You can also read this review on the Flowers Gallery website: http://news.flowersgallery.com/
When Chris Littlewood, curator of the photographic exhibition Uncommon Ground, told me the gallery generally explored environmental issues, my heart sank. I wasn’t sure I could look at more photographs of beached whales, or of industrial chimneys puffing pollution into the air. John Pfahl said all that in his series Smoke twenty years ago. Instead, I found a series of photographs chronicling the sublime, the mundane, the ridiculous and the transcendental in all their possible combinations, and often where you would least expect to find them.
The exhibition’s broad remit, to look at environments including ‘natural ecosystems, urban and suburban spaces, domestic interiors, industrial landscapes and even political arenas’ and, above all, the key idea of ‘environmental intervention’ gracefully explains the inclusion of pieces you might otherwise struggle to connect.
David Spero invades domestic spaces like bathrooms and dance halls with abstract minimalism, stringing straight lines between small round balls to create geometric shapes; the tension between to two spaces is striking, and in the end, sinister, as those little balls sit uninvited and alien, intruders with a hidden agenda. Contrast this artistically altered environment with the documentary in Robert Polidori’s large scale photograph of the slums of Mumbai, candy shop pretty from a distance, filled with the very real detritus of human life close up, and you’ll see both sides of the concept of environmental intervention.
As another example of an artistically altered natural environment, Scarlett Hooft Graafland
takes the biscuit with her, literally, cheeky photographs of her haunches draped over huts in harsh landscapes. These straddle (pun intended) the line between photography, performance and sculpture in the surrealist tradition. I dare you not to smile.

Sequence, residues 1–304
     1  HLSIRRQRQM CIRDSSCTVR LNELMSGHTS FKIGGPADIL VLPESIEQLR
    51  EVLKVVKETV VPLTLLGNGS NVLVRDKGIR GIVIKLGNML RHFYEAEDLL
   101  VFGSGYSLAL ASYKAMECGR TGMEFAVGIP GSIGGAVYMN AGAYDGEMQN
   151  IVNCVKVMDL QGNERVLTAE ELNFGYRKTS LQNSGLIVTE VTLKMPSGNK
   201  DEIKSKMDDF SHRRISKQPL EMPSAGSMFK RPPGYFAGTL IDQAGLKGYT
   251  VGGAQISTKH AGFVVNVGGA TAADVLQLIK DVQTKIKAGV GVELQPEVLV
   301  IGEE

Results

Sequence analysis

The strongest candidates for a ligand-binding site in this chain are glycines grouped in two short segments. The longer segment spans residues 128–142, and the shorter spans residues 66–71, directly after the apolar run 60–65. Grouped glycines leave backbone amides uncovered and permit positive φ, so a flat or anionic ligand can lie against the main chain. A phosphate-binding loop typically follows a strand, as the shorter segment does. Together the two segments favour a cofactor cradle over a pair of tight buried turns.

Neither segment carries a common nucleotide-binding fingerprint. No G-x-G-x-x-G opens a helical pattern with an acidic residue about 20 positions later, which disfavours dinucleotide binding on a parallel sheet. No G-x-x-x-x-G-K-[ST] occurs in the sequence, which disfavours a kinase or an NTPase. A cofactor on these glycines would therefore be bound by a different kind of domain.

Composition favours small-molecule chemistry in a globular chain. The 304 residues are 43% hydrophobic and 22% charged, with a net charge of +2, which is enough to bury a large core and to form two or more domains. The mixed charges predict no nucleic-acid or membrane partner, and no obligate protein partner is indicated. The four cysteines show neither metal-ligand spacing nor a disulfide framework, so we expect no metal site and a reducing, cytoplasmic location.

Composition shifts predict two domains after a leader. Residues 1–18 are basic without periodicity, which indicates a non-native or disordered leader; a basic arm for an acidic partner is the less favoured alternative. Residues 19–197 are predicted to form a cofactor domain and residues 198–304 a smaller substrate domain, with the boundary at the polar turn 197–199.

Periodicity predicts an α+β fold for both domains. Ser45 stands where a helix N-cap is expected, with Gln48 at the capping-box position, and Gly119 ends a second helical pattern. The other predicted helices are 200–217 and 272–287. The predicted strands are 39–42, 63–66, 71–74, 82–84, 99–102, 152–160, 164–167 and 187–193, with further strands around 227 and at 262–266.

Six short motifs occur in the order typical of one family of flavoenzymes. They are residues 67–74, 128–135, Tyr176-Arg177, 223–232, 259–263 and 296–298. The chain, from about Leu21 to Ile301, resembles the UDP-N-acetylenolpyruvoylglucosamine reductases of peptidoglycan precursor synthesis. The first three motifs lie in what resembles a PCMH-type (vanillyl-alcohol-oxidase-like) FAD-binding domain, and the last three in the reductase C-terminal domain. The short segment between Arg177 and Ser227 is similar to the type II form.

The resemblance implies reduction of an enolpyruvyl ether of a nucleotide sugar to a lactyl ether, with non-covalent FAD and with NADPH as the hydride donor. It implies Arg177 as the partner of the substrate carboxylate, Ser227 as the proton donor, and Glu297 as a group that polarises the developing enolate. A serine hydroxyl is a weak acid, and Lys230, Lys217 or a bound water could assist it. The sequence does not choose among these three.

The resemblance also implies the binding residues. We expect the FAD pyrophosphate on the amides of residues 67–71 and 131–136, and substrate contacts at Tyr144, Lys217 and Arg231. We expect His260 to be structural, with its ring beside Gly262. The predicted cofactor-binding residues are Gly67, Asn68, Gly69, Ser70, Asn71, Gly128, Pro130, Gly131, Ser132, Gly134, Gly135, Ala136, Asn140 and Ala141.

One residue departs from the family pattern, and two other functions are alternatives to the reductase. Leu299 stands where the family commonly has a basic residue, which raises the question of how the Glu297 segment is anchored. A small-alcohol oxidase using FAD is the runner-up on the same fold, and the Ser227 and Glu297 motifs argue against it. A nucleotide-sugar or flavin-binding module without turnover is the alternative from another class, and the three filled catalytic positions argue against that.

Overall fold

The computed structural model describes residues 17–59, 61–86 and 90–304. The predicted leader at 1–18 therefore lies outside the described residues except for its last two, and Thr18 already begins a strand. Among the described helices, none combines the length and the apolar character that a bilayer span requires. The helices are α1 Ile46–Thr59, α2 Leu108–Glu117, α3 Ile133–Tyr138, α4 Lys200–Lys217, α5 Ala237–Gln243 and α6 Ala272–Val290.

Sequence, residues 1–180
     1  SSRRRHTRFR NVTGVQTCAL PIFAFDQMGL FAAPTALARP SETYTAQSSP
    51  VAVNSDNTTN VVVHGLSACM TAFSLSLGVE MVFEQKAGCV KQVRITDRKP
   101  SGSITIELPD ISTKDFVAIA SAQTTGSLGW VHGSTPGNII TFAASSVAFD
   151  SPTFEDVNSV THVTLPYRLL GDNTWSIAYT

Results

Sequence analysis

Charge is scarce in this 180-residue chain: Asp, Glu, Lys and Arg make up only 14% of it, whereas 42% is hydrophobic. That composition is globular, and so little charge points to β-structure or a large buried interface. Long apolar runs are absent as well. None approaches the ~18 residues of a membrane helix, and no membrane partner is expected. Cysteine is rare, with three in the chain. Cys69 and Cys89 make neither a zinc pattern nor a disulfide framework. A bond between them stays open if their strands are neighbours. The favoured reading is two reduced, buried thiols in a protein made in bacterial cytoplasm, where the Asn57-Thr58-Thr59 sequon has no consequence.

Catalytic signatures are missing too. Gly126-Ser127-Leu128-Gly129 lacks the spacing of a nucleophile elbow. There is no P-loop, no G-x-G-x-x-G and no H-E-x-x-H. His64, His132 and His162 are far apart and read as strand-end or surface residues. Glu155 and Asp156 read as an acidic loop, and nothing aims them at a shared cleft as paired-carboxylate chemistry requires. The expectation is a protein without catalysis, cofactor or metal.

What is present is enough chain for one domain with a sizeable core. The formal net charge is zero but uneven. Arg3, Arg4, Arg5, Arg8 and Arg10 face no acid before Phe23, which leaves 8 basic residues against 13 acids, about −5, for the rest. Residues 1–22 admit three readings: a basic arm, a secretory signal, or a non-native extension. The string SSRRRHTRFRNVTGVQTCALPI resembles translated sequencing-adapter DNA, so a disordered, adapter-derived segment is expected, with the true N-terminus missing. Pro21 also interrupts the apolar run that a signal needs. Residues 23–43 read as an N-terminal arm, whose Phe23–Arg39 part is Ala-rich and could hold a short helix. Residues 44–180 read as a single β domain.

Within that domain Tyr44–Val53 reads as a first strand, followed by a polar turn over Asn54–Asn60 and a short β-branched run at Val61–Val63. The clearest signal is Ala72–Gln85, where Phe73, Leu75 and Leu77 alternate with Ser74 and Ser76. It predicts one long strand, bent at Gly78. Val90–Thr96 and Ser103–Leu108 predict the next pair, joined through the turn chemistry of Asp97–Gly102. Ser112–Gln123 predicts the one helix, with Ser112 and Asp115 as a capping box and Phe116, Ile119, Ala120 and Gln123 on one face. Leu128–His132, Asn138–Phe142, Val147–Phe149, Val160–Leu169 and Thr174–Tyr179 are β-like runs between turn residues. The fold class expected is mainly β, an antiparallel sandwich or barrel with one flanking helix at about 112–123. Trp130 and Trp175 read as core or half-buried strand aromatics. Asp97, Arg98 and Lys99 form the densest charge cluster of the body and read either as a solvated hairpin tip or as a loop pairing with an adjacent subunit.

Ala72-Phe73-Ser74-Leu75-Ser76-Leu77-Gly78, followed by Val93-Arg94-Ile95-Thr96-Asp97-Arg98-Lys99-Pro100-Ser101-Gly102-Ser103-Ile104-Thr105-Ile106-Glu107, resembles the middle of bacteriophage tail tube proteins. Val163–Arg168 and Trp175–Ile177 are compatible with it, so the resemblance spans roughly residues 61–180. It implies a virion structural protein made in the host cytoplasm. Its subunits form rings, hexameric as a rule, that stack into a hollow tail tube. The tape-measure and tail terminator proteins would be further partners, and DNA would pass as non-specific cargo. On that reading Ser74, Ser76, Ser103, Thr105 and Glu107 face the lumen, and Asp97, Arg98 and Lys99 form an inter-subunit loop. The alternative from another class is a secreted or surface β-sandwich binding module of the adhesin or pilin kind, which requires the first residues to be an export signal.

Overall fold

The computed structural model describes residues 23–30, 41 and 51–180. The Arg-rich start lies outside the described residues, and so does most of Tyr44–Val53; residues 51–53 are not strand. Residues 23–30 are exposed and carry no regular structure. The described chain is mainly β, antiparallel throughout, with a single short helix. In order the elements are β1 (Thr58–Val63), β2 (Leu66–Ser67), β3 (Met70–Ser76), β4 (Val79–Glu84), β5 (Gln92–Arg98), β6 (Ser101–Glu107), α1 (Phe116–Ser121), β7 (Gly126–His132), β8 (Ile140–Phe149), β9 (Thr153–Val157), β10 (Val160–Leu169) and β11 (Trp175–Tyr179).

Yet another double take is offered by Chris Engman’s Equivalence, 2009, which places a paper print of the sky inside a wooden structure set against the sky, only a tear here and a wrinkle there betraying the trick. John Maclean’s photographs, on the other hand, offer a hyper-real take on natural beauty, every line and colour defined. But here, again, you have to think twice; his triptych Walker, Tree, Zoo, 2012, seems like a celebration of nature; but the leaves on the walker’s shirt are only a print, the green tree grows, impossibly, out of frozen ground, and the butterfly in the artificial environment of a zoo hovers over a plate of fruit left there by man.
Edward Burttynsky presents a tour de force in his stunning Rock of Ages #4, 1991, with its textured quarry face falling into eerily green and still waters. It may be the only photograph included from the nineties, but some oldies are still goodies. The title says it all.
Andy Goldworthy’s series Gutter Water – Night to Day, 2010, chronicling a day in the life of a city-dwelling puddle, has an epheremal beauty to it, but his Street Dirt – Afternoon, 2010, perhaps an intentional exercise the futility of sweeping dirt, left me feeling pretty futile.
Also less successful, in my opinion, are Alaistair Levy’s Proposals for Everyday Living, 2008 and Raven Smith’s prints from the series, The Worst Day of My Life, 2006. These are playful pieces, the first inserting colourful pastels in unexpected places, an air vent or a phone box, the second stuffing people uncomfortably into urban items, tubing, a box, or broken polystyrene. In a different context they might raise a wry smile; however, against the depth of meaning in other work on show, the joke falls a little flat.
Tom Lovelace (isn’t that a great name?) has two series on show, as unlike each other as it’s possible to be. In Preparation, 2011, photographs pairs of feet balanced precariously on various objects. Whatever, I say.
Forms In Green, 2011, wiped the ‘whatever’ off my face. These photograms, the correct term, rather than photographs, were created by the light falling on noticeboards in shop windows over time. The Rothko-esque effect is something special, and it’s a relief to see found objects that actually mean something – here documenting a process of creation – rather than being just bits of masking tape, wire or old shoe boxes that the viewer is supposed to imbue with false profundity.
This exhibition, I hope you’ve already gleaned, is on the cutting edge of contemporary photography. The multi-layered, many-stranded meanings here illuminate my favourite quote on the raison d’êtret of photography: ‘A photo is able to capture a moment that people can’t always see.’ (Harry Callahan)
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